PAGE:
I mentioned the WP upgrade, because
I only noticed this article, after reading your articles here and on northernvoice about “Seeking Tech-Oriented Non-Profits For Expo at Northern Voice”. Was it a conscience decision not to include GiveMeaning in that list?
Lloyd: Nope. I specifically wanted to focus on NGOs that are really focussed on technology, instead of just being web-based. That said, I’ve exhausted my possibilities in the former case, and we’ve still got a couple of spots left. So, I’ll probably end up inviting GiveMeaning and a couple of other web-based NGOs after all.
Oh, I think I see what you mean by NGOs really focused on technology, but I think NGOs that use social media well would be well received by NV participants — did I mention having NGOs there at all is a brilliant idea! Actually, GiveMeaning has a fairly poor social platform, but they are trying, and it would be an awesome opportunity for them to learn from the participants 😉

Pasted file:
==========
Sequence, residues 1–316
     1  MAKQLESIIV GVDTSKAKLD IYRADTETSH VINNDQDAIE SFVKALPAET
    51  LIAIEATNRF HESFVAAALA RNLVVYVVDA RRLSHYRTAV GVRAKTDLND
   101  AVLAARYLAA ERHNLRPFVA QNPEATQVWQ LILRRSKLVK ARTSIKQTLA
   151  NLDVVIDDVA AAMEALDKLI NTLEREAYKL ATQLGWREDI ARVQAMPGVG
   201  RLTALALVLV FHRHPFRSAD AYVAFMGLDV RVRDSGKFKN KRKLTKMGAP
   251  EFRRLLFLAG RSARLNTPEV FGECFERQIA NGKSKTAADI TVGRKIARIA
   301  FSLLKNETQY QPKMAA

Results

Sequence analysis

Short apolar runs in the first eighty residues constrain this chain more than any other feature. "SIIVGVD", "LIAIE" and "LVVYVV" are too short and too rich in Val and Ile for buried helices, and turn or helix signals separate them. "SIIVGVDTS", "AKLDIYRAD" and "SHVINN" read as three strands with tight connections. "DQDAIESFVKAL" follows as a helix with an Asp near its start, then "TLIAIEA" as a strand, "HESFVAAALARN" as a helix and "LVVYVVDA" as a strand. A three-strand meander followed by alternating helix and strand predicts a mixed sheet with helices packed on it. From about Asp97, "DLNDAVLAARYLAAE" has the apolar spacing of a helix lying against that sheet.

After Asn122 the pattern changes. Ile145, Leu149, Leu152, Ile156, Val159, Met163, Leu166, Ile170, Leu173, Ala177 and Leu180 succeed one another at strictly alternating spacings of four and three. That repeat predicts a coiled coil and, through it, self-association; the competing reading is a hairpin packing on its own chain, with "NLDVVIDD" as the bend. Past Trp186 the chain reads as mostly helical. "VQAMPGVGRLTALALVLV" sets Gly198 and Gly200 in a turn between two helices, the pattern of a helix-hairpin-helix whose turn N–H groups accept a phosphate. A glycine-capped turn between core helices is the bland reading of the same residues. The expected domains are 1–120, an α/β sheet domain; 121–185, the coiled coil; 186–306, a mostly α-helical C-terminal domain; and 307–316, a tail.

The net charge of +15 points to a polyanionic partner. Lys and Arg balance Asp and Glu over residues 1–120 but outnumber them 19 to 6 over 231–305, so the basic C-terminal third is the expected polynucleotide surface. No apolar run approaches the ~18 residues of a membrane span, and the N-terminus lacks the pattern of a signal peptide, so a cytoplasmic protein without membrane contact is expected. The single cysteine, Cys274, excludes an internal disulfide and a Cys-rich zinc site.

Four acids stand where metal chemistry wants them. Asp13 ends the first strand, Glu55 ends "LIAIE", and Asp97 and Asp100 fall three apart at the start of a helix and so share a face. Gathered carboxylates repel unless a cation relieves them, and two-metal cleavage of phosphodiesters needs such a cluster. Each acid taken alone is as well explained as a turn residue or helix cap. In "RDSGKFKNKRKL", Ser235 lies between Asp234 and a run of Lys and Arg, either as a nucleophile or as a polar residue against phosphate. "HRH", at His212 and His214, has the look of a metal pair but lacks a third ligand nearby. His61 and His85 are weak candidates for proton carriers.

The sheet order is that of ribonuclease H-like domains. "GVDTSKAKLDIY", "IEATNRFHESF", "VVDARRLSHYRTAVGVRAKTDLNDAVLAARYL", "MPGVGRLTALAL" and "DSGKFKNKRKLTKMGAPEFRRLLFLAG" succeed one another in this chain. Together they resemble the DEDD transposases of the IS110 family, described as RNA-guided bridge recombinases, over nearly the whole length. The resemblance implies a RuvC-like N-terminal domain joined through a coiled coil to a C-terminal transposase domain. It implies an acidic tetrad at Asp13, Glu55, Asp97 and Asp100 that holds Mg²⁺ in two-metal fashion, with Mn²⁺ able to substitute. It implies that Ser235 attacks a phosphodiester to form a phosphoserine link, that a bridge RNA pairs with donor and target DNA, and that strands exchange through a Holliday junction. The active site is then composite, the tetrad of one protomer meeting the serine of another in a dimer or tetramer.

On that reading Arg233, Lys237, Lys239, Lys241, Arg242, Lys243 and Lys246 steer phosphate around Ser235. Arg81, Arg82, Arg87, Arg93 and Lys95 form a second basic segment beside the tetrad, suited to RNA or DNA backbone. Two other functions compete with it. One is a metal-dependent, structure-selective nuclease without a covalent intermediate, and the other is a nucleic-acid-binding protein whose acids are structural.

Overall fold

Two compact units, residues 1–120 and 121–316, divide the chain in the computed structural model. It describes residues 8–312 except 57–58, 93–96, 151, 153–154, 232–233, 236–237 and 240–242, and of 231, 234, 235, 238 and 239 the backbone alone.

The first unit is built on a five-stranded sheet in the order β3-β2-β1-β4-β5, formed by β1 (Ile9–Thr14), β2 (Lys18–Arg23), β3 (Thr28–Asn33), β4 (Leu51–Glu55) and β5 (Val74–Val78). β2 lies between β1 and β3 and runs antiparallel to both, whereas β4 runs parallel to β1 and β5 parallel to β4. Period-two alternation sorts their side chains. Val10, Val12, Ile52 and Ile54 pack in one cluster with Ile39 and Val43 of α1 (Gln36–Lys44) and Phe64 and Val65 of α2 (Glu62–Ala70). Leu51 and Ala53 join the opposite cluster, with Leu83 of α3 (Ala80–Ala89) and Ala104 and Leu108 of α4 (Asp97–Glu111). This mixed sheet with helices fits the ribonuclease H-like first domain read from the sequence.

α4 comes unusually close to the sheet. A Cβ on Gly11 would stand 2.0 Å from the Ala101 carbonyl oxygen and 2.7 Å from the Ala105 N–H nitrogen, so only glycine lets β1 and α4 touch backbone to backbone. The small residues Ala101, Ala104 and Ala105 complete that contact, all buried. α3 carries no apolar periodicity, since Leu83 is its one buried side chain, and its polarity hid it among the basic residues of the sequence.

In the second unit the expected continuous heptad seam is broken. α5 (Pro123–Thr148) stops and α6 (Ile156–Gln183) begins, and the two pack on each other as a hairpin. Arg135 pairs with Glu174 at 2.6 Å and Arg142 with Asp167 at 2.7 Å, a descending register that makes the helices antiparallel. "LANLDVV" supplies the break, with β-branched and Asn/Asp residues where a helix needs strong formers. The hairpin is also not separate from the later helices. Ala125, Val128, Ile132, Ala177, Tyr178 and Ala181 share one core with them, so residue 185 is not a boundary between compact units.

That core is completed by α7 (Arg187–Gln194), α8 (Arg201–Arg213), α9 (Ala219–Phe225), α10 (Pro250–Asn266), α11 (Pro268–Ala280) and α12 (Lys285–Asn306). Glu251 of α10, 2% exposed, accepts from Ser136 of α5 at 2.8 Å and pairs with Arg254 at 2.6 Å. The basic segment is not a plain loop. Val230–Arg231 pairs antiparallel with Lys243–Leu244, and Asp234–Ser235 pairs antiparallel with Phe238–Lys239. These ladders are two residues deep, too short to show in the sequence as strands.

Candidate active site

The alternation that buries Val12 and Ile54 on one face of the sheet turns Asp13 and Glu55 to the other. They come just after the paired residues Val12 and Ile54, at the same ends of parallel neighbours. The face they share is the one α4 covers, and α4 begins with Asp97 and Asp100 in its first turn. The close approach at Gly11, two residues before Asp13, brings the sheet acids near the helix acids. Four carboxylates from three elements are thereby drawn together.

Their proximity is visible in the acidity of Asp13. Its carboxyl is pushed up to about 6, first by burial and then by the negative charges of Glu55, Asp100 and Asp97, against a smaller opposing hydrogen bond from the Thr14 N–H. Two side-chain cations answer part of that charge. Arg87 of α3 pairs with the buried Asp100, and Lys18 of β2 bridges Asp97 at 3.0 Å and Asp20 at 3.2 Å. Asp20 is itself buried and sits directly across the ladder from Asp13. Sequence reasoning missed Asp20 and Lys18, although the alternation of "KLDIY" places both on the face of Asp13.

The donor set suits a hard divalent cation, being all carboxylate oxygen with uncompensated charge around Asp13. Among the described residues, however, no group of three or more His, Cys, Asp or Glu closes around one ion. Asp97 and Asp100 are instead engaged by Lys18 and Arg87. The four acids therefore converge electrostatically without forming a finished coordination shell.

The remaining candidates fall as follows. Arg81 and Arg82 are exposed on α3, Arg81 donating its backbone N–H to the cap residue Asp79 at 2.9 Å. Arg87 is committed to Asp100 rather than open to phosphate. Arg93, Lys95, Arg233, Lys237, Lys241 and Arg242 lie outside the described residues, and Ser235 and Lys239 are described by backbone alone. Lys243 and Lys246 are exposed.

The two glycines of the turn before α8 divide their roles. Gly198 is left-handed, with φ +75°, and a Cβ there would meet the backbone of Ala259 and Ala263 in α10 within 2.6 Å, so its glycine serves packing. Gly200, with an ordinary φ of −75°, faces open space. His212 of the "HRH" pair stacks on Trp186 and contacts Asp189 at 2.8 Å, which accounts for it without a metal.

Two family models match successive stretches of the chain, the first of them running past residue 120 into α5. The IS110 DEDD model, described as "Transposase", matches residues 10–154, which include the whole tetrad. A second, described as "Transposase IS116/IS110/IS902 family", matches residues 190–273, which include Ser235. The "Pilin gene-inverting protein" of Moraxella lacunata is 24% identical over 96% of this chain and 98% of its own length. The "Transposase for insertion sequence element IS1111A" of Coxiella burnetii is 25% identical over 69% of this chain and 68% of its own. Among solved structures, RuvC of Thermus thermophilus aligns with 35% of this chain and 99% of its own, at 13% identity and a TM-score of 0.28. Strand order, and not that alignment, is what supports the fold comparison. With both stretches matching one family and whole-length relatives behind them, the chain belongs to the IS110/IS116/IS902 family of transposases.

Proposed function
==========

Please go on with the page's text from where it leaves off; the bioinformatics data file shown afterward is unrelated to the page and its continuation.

Gah, I just noticed that I didn’t finish my thought in the last comment about the WP upgrade. I mentioned it because build into the core platform now allows you to change the permalink after publishing and it will take care of the redirecting for you — don’t have to worry about a 404.
IMO, for the slant of your rant to be properly assessed, you should have advised your readers,at the time when you took up the cudgels for Tom Williams and GiveMeaning, that you to were a colleague of Tom’s at corporate GiveMeaning.
UPDATE: Wow, le monde est tres, tres petite. Ms. Farrell is married to Tom Williams, my colleague at GiveMeaning.
This entry was posted on Wednesday, March 21st, 2007 at 10:11 am
Dayo: I kind of thought that was obvious, given that I’ve mentioned him before, and he’s commented on my blog. Plus, we move in the same circles in Vancouver. Regular readers would know these points–I gather you’re not among them.
Practically speaking, I’m not going to describe my relationship to every subject of every blog post I write. That’s what Google’s for, which you’ve illustrated nicely.
But, to answer your implied question, I’ve met Tom a few times, as we’ve been at the same conferences and parties. I’ve been to his office once, to meet with him and a client of mine.